The vertices of the neighborhood graph of a digital picture P can be interpolated to form a 2-manifold M with critical points (maxima, minima, saddles), slopes and plateaus being the ones recognized by local binary patterns (LBPs). Neighborhood graph produces a cell decomposition of M: each 0-cell is a vertex in the neighborhood graph, each 1-cell is an edge in the neighborhood graph and, if P is well-composed, each 2-cell is a slope region in M in the sense that every pair of s in the region can be connected by a monotonically increasing or decreasing path. In our previous research, we produced superpixel hierarchies (combinatorial graph pyramids) that are multiresolution segmentations of the given picture. Critical points of P are preserved along the pyramid. Each level of the pyramid produces a slope complex which is a cell decomposition of M preserving critical points of P and such that each 2-cell is a slope region. Slope complexes in different levels of the pyramid are always homeomorphic. Our aim in this research is to explore the configuration at the top level of the pyramid which consists of a slope complex with vertices being only the critical points of P.We also study the number of slope regions on the top.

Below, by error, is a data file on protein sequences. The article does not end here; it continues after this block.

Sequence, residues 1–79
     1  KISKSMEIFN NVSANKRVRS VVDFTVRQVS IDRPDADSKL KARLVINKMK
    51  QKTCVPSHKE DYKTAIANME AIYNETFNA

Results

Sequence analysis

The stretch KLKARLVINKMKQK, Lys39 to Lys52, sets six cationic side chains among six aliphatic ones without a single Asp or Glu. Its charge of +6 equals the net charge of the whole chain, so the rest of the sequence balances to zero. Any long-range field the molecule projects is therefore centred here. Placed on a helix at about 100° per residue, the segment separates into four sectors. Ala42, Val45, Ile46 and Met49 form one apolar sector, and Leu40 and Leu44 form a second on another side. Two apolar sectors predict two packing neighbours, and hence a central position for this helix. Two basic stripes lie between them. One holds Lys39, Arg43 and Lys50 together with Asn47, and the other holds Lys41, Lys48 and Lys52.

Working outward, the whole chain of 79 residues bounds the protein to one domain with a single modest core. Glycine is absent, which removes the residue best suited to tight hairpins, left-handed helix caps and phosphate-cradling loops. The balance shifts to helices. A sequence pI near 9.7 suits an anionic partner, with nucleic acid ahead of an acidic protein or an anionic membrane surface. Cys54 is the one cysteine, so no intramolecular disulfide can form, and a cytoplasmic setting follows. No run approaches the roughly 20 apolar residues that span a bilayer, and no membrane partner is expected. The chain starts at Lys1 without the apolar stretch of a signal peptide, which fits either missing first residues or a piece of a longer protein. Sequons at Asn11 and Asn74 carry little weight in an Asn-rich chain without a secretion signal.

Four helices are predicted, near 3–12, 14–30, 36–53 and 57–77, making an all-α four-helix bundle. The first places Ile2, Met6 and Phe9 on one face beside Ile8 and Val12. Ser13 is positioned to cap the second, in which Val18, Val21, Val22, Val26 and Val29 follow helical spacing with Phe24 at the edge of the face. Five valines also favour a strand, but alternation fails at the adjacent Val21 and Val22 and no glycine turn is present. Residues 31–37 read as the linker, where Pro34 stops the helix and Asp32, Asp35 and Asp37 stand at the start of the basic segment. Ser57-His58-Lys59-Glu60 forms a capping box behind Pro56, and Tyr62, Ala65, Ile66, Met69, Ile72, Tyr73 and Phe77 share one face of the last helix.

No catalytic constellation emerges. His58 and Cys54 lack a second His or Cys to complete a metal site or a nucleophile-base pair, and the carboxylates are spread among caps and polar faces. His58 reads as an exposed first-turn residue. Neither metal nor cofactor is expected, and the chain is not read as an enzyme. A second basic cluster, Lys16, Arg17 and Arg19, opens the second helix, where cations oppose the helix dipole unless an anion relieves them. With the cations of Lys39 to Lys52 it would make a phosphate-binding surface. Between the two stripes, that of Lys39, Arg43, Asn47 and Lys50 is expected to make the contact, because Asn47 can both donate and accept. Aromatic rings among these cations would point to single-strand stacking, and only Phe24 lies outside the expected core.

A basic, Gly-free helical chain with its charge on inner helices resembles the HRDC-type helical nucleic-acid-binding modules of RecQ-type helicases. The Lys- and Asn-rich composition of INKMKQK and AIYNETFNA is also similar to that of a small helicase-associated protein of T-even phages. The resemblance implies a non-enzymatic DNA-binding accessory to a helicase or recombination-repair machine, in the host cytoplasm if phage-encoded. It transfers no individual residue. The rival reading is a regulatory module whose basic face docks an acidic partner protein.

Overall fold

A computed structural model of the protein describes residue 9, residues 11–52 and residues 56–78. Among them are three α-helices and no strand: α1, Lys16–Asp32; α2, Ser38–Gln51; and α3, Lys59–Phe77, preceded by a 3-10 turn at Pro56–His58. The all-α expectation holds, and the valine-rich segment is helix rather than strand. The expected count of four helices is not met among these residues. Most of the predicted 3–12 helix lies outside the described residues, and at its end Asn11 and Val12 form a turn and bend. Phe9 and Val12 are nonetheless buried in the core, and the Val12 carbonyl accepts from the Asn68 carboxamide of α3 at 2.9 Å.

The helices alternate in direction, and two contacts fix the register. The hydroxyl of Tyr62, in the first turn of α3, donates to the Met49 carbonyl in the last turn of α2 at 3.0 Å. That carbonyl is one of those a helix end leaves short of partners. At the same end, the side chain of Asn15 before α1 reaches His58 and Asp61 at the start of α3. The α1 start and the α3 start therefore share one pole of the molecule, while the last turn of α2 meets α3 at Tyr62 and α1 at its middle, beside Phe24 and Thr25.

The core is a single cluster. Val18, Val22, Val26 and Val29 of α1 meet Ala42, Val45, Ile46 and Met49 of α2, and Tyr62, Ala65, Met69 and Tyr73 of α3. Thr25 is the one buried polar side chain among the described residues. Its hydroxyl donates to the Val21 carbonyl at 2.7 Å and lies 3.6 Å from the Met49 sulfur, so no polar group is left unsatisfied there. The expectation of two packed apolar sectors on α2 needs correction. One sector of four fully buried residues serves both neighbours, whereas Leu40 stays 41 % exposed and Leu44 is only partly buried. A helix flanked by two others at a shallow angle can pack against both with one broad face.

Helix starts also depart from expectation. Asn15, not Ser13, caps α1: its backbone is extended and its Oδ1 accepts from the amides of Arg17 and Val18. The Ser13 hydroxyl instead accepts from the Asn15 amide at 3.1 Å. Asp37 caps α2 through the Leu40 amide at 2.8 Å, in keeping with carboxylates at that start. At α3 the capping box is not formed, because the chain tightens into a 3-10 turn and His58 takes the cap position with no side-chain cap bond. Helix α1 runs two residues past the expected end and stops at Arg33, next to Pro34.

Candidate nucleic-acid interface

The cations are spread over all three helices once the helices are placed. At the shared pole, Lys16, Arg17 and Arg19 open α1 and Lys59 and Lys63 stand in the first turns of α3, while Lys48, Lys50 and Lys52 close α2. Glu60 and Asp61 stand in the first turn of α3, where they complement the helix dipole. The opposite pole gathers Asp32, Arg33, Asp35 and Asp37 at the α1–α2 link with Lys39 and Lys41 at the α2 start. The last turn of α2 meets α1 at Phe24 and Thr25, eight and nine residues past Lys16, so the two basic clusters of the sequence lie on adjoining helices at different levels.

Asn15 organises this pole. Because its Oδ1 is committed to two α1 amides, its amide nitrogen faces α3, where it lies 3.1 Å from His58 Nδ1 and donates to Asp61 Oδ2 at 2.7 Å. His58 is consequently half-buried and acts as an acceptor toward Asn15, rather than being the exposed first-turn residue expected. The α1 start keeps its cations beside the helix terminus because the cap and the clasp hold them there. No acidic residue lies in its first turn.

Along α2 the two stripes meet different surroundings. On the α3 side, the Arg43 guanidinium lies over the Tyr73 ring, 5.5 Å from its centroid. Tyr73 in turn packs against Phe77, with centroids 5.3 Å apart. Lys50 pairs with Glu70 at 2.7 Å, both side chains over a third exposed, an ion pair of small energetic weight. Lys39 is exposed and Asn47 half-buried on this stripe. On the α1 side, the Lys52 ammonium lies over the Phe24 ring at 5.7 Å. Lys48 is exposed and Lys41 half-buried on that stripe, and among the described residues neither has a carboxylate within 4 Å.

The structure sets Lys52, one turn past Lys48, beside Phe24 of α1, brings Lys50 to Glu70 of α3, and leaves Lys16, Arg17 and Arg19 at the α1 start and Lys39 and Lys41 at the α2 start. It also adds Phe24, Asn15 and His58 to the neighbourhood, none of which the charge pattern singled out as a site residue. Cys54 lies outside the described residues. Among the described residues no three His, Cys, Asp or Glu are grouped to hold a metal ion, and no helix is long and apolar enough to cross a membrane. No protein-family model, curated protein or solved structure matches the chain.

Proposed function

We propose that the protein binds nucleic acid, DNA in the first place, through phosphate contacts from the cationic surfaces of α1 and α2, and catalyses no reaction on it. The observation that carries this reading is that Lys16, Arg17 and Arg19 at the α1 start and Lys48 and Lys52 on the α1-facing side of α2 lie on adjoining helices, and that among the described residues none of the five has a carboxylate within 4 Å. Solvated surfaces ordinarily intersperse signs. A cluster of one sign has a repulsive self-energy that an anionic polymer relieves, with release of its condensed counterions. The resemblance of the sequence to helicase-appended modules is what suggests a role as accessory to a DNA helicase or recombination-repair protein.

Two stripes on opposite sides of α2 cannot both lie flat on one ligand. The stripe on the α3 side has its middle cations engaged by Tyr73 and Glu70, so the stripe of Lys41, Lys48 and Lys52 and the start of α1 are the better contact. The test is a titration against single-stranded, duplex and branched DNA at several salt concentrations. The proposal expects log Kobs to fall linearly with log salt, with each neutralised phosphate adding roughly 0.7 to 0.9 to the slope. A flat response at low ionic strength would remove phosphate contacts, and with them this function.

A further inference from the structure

Kropatsch, W. G., Casablanca, R. M., Batavia, D., & Gonzalez-Diaz, R. (2019). On the Space Between Critical Points. In Discrete Geometry for Computer Imagery (pp. 115–126). https://doi.org/10.1007/978-3-030-14085-4_10